I am so proud of all the books we have brought out into the world. My biggest frustration is figuring out how to find a wider audience for our authors. 

13– Who were your early publishing models when starting out?
We definitely admire Wave Books, Slope Editions, Octopus Books, Flood Editions and Milkweed Editions, Ugly Duckling Presse, Four Way Books, Alice James Books, and others like them. I don’t know that we modeled ourselves on any of them precisely; rather, we loved the work they were publishing and felt inspired to—like them—help bring beautiful books out into the world.

14– How does Augury Books work to engage with your immediate literary community, and community at large? What journals or presses do you see Augury Books in dialogue with? How important do you see those dialogues, those conversations?
I don’t know that I see us as being in any specific dialogue, although I guess on a certain level all presses and journals are engaged in a larger conversation with each other and with writers and readers. We do seek to support and collaborate with other presses, and with writers and editors we aren’t formally affiliated with. I think the most obvious example of this is our new affiliation with Brooklyn Arts Press—as BAP’s imprint, we are collaborating with them through conversations, through sharing resources and ideas and networks and events, and through sharing table space at AWP and other conferences. We’ll also be participating in an offsite reading at AWP this year organized by Switchback Books that also involves BAP, Saturnalia, and Black Ocean. And Augury Books is also part of the Small Press Union, a wonderful resource-sharing  and support network created by Lynne DeSilva-Johnson of The Operating System. I think that it’s an absolute imperative for small presses to be supportive of each other, and there are many ways of doing this: we can be supportive of each other by organizing and/or attending events, by purchasing each other’s books, by helping publicize things (events, publications, reading periods, fund raisers, etc.) for each other and by offering practical help by working tables for each other or doing shipping or paying more of the table costs if we’re not able to be there in person. There are a lot of ways of being part of the literary community—we’re all in this together, although we all also have our own individual responsibilities and constraints so we may not be able to be in it together in exactly the same ways.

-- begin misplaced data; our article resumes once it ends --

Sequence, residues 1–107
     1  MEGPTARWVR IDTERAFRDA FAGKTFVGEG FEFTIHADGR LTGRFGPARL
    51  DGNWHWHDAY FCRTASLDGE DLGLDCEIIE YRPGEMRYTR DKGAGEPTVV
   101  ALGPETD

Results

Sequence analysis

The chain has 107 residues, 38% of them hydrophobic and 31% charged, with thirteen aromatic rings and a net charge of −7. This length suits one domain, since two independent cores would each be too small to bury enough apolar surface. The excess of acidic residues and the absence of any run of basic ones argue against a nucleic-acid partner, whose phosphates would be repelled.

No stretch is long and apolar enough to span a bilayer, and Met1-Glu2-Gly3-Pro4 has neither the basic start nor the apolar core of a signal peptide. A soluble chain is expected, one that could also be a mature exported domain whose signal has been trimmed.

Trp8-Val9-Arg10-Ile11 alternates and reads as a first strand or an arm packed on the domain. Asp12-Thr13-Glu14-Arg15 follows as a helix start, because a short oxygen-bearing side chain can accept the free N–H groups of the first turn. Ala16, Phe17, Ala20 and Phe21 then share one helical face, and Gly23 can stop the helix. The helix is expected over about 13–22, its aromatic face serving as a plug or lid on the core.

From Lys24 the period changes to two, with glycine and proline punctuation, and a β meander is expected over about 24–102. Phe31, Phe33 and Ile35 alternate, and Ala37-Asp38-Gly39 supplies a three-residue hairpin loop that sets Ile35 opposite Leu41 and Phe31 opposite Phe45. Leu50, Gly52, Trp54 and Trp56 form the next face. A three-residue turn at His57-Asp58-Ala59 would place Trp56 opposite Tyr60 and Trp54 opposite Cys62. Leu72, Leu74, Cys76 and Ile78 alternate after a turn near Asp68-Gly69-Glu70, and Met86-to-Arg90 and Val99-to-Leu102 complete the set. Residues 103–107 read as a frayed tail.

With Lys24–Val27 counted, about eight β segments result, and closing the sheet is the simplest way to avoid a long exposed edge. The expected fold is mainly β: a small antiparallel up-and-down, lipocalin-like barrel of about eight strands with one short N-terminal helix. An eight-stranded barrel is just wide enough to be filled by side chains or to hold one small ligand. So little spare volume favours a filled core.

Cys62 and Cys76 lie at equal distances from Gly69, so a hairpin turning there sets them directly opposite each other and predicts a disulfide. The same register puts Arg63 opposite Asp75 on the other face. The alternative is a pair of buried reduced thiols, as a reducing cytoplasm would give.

15– Do you hold regular or occasional readings or launches? How important do you see public readings and other events?
We definitely hold launch parties for all of our new titles and we try to do readings occasionally for other things as well—collaborative readings offsite at AWP and the occasional showcase reading when we have enough Augury authors in the same place at the same time. I love launch parties: they’re like a wedding or a baby shower—a wonderful way of celebrating something new and beautiful and welcoming it to the world. While I do like public readings both to hear work in the author’s own voice and also as a social occasion, I admit I engage more deeply when I’m reading a book alone as a silent solitary act rather than being in a crowd where the work is read aloud to me.

16– How do you utilize the internet, if at all, to further your goals?
Our titles can be purchased online so the Internet is part of our distribution. And we accept only accept submissions online so the Internet is also how we find new books to publish.

17– Do you take submissions? If so, what aren’t you looking for?
Yes we do! In fact, we have an open reading period during January this year. We aren’t able to accept anthologies or works in translation, for various business reasons, nor do we accept novels (I love novels but don’t feel qualified to edit or market one), but other than that we are open to submissions from writers at any stage of their career.

18– Tell me about three of your most recent titles, and why they’re special.
It’s hard to narrow down our catalog to just three books, but I’ll talk about a recent title in each of the three genres that we publish.

Poetry: Arisa White’s You’re the Most Beautiful Thing That Happened, a Lambda Literary Award Finalist for Lesbian Poetry, is one of our titles dearest to my heart. I’ll quote Christopher Soto’s lovely review of this collection for Lamba Literary where he calls this book “a love letter to our shared queer of color community” and notes that “titles of many poems in the collection are literal translations of the word gay. Many of the original words, before being translated, are derogatory in their original language. Thus, Arisa White repurposes that pain and inscribes it with love, tenderness, poetry. ‘You’ becomes witness to the beauty held in what was once called derogatory. ‘You’ is able to witness the act of reclaiming language.”

Fiction: Sara Schaff’s Say Something Nice About Me, a finalist for CLMP’s Firecracker Award for Fiction, is a fantastic collection. Sara’s prose is luminous and sharp, and the stories in the collection explore the risks taken—and illusions created—by her characters at turning points in their lives, trying to grapple with how to live in the unknown. I’ll quote Dan Choan’s assessment of her work her, as he says “The stories…intertwine in complex and fascinating patterns. They are all explorations of the meaning of human connection…Say Something Nice About me is a thoughtful and provoking book, the beginning to a great career!”